moderator, 2129 posts
Mon 2 Jun 2008
at 14:16
The Responsibilities of GM Status in a Game
The Responsibilities of GM Status in a Game // Responsibilities of a Player in a Game

A Reminder to ALL GMs:

If you have GM status in a game, whether it is primary GM status, or secondary GM status granted by the primary GM, you are responsible for making sure that the game follows RPoL's ToU and Content restrictions.

In a mature or unrated game, that means:

If the game contains content not allowed on RPoL or content not allowed outside Adult rated games, ALL those in the game with GM status are responsible for closing the thread, contacting the players involved and letting them know this is not acceptible in the game (or on RPoL), AND removing the content from the game.

If you are not the primary GM, the VERY LEAST you need to do is close the thread, move it to a group that noone other than GMs have access to, and contact the primary GM and the players to let them know that the content is not allowed on RPOL.

In Adult Games GMs have the extra responsibility of making sure that threads visible to the public (public, archived & group 0 threads) do not contain graphic sexual content.  That means YOU are responsible for checking those threads and removing content not allowed OR making sure all threads are in private groups.

IF YOU DON'T WANT THAT RESPONSIBILITY, ask the GM to change your status back to player immediately, and contact the site moderators if your access isn't changed within a day or so so we can change the status for you.

If you have GM status, "I don't check that game" or "I didn't read that thread" or "I didn't know" doesn't work.  If you don't want to be aware of / take responsibility for everything in a game, then don't be a GM in that game.


If you're a PLAYER of Adult Games, then you are expected to be responsible enough to notice WHERE you're posting content that isn't suitable for all ages.  If the thread isn't private, DON'T POST SEXUAL CONTENT in that group.  Ask the GM to change the thread to private, and WAIT until they do, POST in a thread that's already private, or take it to private messages within the game.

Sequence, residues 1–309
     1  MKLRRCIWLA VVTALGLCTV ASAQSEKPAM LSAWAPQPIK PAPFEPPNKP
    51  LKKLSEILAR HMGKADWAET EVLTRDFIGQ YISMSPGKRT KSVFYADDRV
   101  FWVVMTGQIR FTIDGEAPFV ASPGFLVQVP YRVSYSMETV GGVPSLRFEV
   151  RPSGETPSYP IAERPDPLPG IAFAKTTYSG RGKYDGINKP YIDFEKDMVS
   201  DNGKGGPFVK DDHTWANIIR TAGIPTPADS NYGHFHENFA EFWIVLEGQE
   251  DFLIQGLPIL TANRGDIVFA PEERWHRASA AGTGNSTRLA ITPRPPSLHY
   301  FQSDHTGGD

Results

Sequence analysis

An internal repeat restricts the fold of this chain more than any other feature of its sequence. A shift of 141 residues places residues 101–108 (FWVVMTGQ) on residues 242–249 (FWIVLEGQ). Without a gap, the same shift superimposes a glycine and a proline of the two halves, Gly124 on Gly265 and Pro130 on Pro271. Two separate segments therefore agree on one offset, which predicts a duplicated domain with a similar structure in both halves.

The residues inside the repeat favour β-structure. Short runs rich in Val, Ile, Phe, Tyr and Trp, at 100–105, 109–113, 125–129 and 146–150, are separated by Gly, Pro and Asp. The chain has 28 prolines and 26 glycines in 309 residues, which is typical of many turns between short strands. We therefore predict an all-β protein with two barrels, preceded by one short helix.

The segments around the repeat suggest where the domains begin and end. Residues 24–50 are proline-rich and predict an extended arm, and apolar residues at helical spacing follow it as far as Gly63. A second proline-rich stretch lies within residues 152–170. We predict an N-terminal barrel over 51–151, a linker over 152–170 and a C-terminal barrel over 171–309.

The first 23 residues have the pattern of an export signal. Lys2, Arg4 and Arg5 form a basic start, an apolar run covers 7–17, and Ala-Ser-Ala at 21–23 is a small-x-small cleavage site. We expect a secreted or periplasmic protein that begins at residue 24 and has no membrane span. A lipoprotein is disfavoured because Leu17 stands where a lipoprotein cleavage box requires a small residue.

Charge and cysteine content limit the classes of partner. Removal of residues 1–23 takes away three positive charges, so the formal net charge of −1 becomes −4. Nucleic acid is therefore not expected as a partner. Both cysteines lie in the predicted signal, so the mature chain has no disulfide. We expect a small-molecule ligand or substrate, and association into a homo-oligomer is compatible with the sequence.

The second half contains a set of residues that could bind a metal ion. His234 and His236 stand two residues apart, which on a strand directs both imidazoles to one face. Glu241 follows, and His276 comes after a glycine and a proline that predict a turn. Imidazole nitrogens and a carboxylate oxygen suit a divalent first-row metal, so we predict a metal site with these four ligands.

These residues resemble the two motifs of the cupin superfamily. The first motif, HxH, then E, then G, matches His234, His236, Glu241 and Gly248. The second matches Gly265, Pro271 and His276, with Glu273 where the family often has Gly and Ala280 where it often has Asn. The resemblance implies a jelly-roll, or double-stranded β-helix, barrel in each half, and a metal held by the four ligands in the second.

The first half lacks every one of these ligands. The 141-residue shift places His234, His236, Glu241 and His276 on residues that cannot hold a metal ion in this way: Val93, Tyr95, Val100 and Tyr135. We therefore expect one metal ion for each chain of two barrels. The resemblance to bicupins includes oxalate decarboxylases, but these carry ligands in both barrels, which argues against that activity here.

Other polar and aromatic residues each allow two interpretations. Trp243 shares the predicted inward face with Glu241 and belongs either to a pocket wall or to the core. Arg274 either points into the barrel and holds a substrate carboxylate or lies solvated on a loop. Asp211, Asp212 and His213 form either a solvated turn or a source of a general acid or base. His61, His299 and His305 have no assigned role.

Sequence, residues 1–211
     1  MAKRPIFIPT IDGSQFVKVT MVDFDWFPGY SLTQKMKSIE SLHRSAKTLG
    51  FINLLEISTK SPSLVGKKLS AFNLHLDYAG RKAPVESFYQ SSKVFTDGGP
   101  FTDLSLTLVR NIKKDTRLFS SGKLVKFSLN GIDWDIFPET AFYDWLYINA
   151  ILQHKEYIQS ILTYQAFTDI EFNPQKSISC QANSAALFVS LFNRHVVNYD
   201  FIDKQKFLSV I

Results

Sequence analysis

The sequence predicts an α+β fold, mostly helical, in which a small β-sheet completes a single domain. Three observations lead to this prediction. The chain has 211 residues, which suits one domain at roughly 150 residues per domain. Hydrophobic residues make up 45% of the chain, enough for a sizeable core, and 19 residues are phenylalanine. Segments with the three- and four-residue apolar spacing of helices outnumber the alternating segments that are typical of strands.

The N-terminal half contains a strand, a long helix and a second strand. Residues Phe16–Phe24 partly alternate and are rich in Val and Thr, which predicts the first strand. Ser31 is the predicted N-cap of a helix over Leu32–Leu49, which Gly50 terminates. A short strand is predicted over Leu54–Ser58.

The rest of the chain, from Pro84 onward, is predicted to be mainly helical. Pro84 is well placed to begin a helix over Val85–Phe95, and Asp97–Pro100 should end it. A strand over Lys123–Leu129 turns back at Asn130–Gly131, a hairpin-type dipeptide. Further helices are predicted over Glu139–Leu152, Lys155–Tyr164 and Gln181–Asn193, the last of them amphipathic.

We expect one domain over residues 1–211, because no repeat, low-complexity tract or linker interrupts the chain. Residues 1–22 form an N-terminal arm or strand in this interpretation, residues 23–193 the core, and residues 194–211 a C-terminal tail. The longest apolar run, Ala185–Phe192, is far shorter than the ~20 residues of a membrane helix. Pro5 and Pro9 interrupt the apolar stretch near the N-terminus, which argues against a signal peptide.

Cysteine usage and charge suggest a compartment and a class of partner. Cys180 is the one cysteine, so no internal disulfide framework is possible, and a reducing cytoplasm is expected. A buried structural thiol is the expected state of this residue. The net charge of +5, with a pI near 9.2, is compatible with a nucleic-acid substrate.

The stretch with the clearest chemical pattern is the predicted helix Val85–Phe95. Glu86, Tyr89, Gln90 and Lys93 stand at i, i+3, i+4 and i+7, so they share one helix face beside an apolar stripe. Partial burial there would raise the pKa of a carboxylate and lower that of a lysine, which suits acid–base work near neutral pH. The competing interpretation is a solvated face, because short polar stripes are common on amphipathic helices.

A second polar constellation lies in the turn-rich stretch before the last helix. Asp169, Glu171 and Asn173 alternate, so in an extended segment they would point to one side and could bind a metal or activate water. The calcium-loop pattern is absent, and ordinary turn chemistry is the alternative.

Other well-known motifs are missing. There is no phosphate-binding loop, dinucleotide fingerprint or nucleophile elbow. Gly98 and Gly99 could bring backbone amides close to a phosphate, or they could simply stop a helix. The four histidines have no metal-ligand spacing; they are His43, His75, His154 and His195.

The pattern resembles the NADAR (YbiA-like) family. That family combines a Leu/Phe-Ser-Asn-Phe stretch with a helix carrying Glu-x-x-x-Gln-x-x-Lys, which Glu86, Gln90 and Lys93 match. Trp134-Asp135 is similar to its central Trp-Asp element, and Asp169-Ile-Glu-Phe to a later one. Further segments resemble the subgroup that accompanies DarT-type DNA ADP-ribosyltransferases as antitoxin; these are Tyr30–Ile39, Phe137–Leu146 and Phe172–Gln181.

Foryn Gilnith
 member, 28 posts
Mon 2 Jun 2008
at 20:27
Re: The Responsibilities of GM Status in a Game
As long as we're elaborating on the different roles of people in rated games, what are the requirements of a moderator? Are they the same as for a DM, or do their lowered capabilites lead to lower responsibility?
 member, 1247 posts
Mon 2 Jun 2008
at 23:01
Re: The Responsibilities of GM Status in a Game
I believe everyone in a game should take responsibility for noticing and reporting things that don't follow the ToU, first to the GMs if they are not one, and then to the mods if the GMs don't fix whatever.  And remember that even PMs are subject to following the rules, for instance no Adult material in non-Adult games.
 moderator, 2130 posts
Mon 2 Jun 2008
at 23:35
Re: The Responsibilities of GM Status in a Game
Moderators can't see all threads in games, so their responsibility is less.  However, they can edit posts in the groups they're assigned to, so they are responsible for editing posts with content not suitable for minors outside of adult games OR in public posts inside Adult Games.

Likewise, if you're a player in a game and SEE people posting content that you know will get the game in hot water with moderators, then for heaven's sake, at the very least PM the people concerned & the GM ... and then if they don't respond (AND ESPECIALLY if they keep posting after your PM) contact the moderators.

If people are acting responsibly by letting us know so that we can head off problems, we're much more likely just to 'suspend' the threads in question until the problem is fixed.  When the GM isn't actively involved in the game and one or two players are ignoring the fact that their explicit posts can be read by any visitor to the game AND else in the game just keeps quiet because they don't want to get someone else in trouble, that's a good scenario for the game getting shut down because it shows that nobody is willing to take responsibility for it.

A mistake isn't that big of a deal -- it's usually results in nothing more than a 'Please pay closer attention' request from a moderator at worst.